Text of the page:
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The bulk of this column will be about the LSAT and law school. But before I begin, a word of warning: before even considering going to law school, make a pros and cons list for attending law school, as well as a list of schools that you’d want to go to. Don’t go to law school unless you’re positive you want to go to law school. Don’t go to law school unless you get into a good law school with good employment prospects. There are too many horror stories of people graduating with $150,000 in debt and a $16 per hour job — don’t become one of them.

Onto the topic at hand. The first major part of law school admissions is your GPA. Unfortunately, Princeton’s tough grading will work against you here, as you will be competing against students from schools with easier grading. The prestige of the Princeton name will help, but only slightly. The average GPA for admits at Yale Law School is 3.93, and at Harvard it is 3.86; you will be judged against that benchmark.

My advice for dealing with GPA is take easy classes and choose an easy major. According to the report on grade deflation, the departments with the highest percentage of A’s are SLA, COM, GER, and NES.

The second major part of law school admissions is the LSAT. This is the more controllable part, especially if you are reading this as a junior or senior. This does not mean it’s easy, however. I am a tutor for the LSAT, GMAT, and GRE, and the LSAT tests verbal skills more than any other test I have taught. You will need excellent reading comprehension and logical skills to do well on the LSAT, and you will need to prepare extensively.

Start by preparing on your own. Buy the LSAC’s LSAT books, the only books with the official exams, and begin with the more recent tests. Whichever test you take will be difficult, and you will likely be baffled by some of the test. Don’t worry! There are free answer explanations online for the tests. I’d recommend starting by looking at LSAT Hacks for your answer explanations; once you understand the explanations for the questions you got wrong, and once you are able to do them without looking at your notes, take another test. Rinse and repeat. This will be hard work, but it’s the best way to get a good score.

If you get stuck on a section, like Logic Games, start by looking around for free resources. 7Sage, for instance, is a good website that provides free assistance with Logic Games. Tutors are expensive, so they should not be your first choice. Books, like Mike Kim’s LSAT Trainer LSAT Trainer or the Powerscore LSAT Bible, are also good alternatives, if free resources aren’t cutting it.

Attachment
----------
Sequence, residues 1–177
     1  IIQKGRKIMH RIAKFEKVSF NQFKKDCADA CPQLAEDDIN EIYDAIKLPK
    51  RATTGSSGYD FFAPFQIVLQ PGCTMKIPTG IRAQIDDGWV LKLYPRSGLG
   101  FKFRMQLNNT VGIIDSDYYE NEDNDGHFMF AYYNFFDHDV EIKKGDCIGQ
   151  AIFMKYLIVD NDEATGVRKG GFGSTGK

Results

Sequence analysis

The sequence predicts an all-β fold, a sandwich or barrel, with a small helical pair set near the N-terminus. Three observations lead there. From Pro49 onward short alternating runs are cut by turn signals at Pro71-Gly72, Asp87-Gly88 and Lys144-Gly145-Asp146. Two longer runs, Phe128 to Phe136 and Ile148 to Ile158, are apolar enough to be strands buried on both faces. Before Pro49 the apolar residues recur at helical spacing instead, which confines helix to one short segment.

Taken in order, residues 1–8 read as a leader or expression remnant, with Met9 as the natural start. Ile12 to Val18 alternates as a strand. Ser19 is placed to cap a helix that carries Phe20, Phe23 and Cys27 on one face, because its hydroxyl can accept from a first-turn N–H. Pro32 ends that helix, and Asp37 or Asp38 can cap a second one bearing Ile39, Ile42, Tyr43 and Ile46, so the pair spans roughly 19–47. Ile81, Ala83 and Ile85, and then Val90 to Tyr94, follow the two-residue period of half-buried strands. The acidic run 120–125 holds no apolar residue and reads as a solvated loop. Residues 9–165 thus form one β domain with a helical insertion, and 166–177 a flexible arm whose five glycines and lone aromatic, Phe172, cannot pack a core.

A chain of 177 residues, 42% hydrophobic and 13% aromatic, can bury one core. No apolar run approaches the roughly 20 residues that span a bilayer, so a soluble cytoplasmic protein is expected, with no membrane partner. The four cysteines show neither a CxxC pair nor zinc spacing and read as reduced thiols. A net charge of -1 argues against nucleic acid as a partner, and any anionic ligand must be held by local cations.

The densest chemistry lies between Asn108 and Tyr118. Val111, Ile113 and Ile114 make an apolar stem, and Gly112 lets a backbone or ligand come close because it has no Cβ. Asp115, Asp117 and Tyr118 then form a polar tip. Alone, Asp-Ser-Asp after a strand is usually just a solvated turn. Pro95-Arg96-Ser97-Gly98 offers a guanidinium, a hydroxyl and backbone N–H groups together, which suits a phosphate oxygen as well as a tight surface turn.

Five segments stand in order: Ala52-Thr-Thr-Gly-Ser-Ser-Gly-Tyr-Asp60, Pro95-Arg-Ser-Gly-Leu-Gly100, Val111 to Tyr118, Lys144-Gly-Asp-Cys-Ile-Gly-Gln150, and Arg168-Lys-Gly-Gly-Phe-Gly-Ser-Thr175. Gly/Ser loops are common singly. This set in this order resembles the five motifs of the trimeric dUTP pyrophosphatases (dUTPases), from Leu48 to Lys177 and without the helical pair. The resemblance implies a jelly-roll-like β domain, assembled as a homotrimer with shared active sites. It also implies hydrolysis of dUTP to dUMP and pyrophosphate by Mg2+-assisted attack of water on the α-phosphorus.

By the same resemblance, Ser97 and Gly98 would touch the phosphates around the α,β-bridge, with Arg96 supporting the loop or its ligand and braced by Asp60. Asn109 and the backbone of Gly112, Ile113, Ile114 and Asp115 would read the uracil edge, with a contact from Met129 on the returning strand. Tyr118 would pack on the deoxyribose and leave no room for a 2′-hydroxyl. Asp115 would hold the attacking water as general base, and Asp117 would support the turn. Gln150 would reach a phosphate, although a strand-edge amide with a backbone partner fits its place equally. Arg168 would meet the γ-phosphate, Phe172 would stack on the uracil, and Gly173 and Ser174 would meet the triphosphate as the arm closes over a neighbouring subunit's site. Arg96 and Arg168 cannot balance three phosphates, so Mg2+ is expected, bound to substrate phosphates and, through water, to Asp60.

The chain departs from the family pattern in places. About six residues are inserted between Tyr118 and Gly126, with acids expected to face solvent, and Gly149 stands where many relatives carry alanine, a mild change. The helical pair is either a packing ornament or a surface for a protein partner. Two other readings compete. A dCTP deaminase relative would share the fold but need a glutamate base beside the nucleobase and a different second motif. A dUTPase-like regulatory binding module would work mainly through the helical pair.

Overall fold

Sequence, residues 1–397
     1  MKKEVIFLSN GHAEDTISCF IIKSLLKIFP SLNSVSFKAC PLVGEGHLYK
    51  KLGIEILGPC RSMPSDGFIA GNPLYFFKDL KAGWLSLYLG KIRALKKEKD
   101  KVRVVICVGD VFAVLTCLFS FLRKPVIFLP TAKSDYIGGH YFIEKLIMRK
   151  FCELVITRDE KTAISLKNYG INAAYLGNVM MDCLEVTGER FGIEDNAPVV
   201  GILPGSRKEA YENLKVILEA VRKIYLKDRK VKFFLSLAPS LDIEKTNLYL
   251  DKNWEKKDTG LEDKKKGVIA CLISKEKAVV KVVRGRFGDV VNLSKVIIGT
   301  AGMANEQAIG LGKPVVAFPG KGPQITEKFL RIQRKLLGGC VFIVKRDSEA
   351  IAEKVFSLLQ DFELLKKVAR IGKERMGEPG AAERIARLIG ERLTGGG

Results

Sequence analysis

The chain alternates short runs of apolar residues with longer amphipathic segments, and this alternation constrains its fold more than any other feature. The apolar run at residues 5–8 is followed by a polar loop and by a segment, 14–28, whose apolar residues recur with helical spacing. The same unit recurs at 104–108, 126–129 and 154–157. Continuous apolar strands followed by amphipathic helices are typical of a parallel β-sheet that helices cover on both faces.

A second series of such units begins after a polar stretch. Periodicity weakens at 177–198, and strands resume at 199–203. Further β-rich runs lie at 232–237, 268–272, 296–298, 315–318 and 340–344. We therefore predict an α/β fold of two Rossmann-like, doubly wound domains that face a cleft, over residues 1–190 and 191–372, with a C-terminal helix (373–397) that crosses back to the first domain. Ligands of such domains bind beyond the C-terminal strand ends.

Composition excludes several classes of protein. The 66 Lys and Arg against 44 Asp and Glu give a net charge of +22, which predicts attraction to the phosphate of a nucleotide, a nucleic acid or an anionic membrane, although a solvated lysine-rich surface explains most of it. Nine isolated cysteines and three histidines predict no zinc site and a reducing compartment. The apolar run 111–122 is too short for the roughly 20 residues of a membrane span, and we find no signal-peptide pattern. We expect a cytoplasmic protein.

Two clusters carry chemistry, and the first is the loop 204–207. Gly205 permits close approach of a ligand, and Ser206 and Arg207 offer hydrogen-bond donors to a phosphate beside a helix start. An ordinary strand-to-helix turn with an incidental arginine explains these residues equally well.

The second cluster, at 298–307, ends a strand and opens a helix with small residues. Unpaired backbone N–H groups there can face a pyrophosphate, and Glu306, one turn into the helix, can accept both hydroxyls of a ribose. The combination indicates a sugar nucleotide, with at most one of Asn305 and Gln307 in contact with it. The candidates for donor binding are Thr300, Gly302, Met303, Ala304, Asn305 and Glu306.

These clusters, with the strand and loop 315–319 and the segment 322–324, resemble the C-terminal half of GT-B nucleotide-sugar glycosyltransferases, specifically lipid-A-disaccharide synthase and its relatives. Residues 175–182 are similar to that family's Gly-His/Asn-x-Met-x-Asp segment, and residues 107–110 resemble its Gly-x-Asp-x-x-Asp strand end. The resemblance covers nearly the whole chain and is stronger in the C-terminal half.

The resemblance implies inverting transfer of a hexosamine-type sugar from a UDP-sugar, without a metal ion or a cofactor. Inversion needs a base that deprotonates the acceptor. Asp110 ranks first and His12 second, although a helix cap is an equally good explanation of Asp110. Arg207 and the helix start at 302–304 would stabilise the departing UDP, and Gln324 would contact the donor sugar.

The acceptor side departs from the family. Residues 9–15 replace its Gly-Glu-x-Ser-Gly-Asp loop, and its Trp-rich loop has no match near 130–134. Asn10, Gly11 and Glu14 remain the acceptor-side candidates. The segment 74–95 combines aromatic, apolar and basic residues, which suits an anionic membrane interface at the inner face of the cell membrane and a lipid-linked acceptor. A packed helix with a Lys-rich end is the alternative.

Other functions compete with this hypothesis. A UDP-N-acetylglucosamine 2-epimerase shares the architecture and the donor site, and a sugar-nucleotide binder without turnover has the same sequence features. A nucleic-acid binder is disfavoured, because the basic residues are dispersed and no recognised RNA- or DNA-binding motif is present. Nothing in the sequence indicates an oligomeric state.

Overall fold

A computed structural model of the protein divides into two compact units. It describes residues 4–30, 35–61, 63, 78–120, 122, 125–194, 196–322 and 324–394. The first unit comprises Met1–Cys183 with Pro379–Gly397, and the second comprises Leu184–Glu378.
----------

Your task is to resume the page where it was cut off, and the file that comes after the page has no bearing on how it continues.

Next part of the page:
Be cautious before enrolling in an LSAT class; these are expensive and are designed for the average student. They are good for getting that student a pretty good score, but they cannot get you the score you need to get into a top law school. As I mentioned previously, if you can’t get into a top law school, you should think very hard before attending law school at all.

Your letters of recommendation and your personal statement are factors which also make a difference in your application. These factors are less important than GPA and LSAT scores, but you still shouldn’t neglect them. To save space, however, I won’t talk about them in this column.

Finally, being a URM, or underrepresented minority, also makes a huge difference in your law school application. This is not controllable, but if you are African American, Native American, Puerto Rican, or Mexican American, you will have a significant advantage in law school admissions. For instance, according to myLSN’s data, 0 percent of non-URMs get into Harvard with a 167 LSAT and 3.7 GPA. Fifty percent of URMs do get into Harvard with those stats.

Remember to check off this box if it applies and, if you’re Native American, to include your tribal affiliation number.

To sum up, GPA, LSAT, and the URM box are the three most important factors in law school admission. Of those, the LSAT is the most easily controllable, but you have to be intelligent about how you approach it. Your letters of recommendation and personal statement are of lesser importance, but you still should take care of them.

Trevor Klee ’15 is a Boston GMAT, GRE, and LSAT tutor. He can be reached at www.trevorkleetutor.com.

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